My original background is in physics, with followup in statistics and computer programming. I have taken course work with a focus on statistical methodology, functional neuroimaging, model-based psychology including neuroeconomics and behavioral game theory, and clinical psychology, particularly depression. My research work has focused on an in-depth development of fMRI methodology skills, and execution and analysis of fMRI experiments relating to cognitive modulation of pain perception in normal participants as well as in long-term meditation practitioners. I am currently developing the outline of my dissertation research program, which will involve studying relations between affective chronometry/affective hysteresis, cognitive models of depression, and cognitive modulation of pain perception. I will be studying the central constructs of self-focused attention, and emotional regulation/reactivity, attempting to use these constructs to tie together the various measures. In the bigger picture, I am interested in how techniques such as meditation and fMRI neurofeedback could be used to generate improvements in the functioning of these systems. I have been involved in the design of studies of meditation, as well as piloting fMRI neurofeedback on our scanner. I am also interested in using advanced PET tracers to look at the involvement of modulatory neurotransmitters, particularly dopamine, in these potential improvements.
Awards: 2010 Mind and Life Institute Varela award recipient, "Hedonic sustainability in the BOLD response to selfish and altruistic rewards"
2009 Fetzer Institute Fellowship, Fetzer Initiative on the Neuroscience of Love, Compassion, and Forgiveness
I grew up in Sunnyvale, CA and Mt. Sinai, NY. I earned my undergraduate degree at Columbia University in Neuroscience & Behavior, which sparked my interests in affective neuroscience, clinical psychology, and Buddhist philosophy. Before graduate school, I spent a year at the New York State Psychiatric Institute studying the effect transcranial magnetic stimulation (TMS) on treatment-resistant depression and schizophrenia. I am currently a doctoral student in clinical psychology studying with Dr. Richard Davidson in the Department of Psychology, Waisman Laboratory for Brain Imaging and Behavior, and Center for Investigating Healthy Minds at the Waisman Center. I am currently funded by a predoctoral NCCAM fellowship through the Department of Family Medicine. I study the impact of compassion meditation on neural responses to human suffering and altruistic behavior using functional magnetic resonance imaging (fMRI) and economic decision-making methodology. I also study the impact of Mindfulness-Based Stress Reduction, long-term meditation, and brain injury on altruistic behavior. I have received numerous awards for my work including the Francisco J. Varela Memorial Award and the Cognitive Neuroscience Society Graduate Student Award. I was recently appointed a member of the Mind and Life Institute Fellows Board. My clinical interests include integrating emotion-focused, mindfulness, and interpersonal process approaches to psychotherapy to treat mood disorders. My long-term goals include studying how interventions that increase love and compassion impact both psychological and physical health in patients, and how training these qualities in health care providers can prevent burnout and improve patient outcomes. I am also passionate about multicultural communication and understanding. I love eating good food with friends, music, and cats.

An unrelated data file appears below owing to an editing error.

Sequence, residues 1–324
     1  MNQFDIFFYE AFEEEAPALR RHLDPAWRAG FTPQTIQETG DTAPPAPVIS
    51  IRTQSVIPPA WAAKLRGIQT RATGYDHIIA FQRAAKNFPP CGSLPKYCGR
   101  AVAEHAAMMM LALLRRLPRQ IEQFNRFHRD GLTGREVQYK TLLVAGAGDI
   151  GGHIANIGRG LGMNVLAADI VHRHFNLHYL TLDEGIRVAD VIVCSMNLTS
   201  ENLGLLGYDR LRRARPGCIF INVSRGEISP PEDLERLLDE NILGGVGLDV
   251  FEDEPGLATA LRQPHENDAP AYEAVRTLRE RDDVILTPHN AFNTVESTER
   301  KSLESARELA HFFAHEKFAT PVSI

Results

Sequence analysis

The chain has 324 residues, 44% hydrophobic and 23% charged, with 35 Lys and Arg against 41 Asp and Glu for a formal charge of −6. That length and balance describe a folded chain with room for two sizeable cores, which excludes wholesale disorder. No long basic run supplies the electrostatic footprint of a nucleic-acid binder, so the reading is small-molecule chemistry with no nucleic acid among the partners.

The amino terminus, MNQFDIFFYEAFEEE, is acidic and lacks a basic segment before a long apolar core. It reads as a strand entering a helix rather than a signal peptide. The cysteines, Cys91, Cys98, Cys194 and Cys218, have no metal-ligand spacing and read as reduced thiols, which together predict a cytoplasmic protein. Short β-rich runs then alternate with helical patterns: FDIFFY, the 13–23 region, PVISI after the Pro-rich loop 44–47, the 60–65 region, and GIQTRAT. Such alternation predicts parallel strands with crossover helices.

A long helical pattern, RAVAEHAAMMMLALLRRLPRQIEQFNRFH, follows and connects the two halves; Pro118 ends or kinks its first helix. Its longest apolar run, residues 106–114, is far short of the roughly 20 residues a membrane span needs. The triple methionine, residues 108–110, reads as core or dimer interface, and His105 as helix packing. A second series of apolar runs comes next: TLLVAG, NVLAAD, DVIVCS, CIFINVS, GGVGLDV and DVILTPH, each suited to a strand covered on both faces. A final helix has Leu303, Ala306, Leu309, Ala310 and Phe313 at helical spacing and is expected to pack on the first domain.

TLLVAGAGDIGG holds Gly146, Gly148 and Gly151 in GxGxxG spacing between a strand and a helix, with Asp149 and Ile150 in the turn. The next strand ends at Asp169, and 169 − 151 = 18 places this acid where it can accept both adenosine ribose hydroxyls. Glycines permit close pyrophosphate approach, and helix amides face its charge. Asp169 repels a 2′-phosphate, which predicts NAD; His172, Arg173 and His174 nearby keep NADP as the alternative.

Awards: 2012 NIH NCCAM T32 pre-doctoral training Fellowship, Department of Family Medicine
2012 Cognitive Neuroscience Society Graduate Student Award and Travel Award
2011-2012 Ramona Messerschmidt Award, Department of Psychology
2008 Fetzer Institute Fellowship, CIHM
2008 International Symposium Foundations of Human Behavior Travel Award
2007-2008 Hertz Foundation Research Fellowship Award and Travel Award
2006 Francisco J. Varela Memorial Grant Award, Mind and Life Institute
Weng, H.Y., Fox, A.S., Shackman, A.J., Stodola, D.E., Caldwell, J.Z.K., Olson, M.C., Rogers, G., Davidson R.J. (in press). Compassion training alters altruism and neural responses to suffering. Psychological Science.
Schuyler, B., Kral, T., Jacquart, J., Burghy, C., Weng, H., Perlman, D., Bachhuber, D. R. W. Rosenkranz, M., et al. (2012). Temporal dynamics of emotional responding: Amygdala recovery predicts emotional traits. Social cognitive and affective neuroscience. doi: 10.1093/scan/nss131. PMC Journal in process.
MacCoon, D. G., Imel, Z. E., Rosenkranz, M. A., Sheftel, J. G., Weng, H. Y., Sullivan, J. C., Bonus, K. A., Stoney, C. M., Salomons, T. V., Davidson, R. J., & Lutz, A. (2012). The validation of an active control intervention for Mindfulness Based Stress Reduction (MBSR). Behaviour Research and Therapy, 50, 3-12. PMCID: PMC3257026
I'm interested in the role of executive function and memory in the risk for internalizing disorders, with a major focus on rumination. I'm interested in how rumination affects, and is affected by, cognitive function both immediately and across development. I'm also interested in the role of these processes in shaping the narrative self, which I think has implications for psychopathology as well.
Awards: 2010 Rath Fellowship
2009 Francisco J. Varela Research Award
2009 Phi Beta Kappa, Phi Kappa Phi induction
2007 NIMH Fellowship for Recruitment of Undergraduates in Mental Health Research
My broad motivation is to explore integrated models of emotional health that recognize the complex interactions of cognition, emotion, the body, and the interpersonal environment. I plan to focus my research on phenomena that cross these boundaries in interesting ways.
First year project (2011): "Embodiment of Anxiety: Body Posture Modulates Response to Unpredictable Threats."
Awards: 2012 APA Society for the Science of Clinical Psychology student poster award
2012 Hertz Travel Award, Department of Psychology, University of Wisconsin-Madison
2010-2012 Fellowship: NIMH Training Program in Emotion Research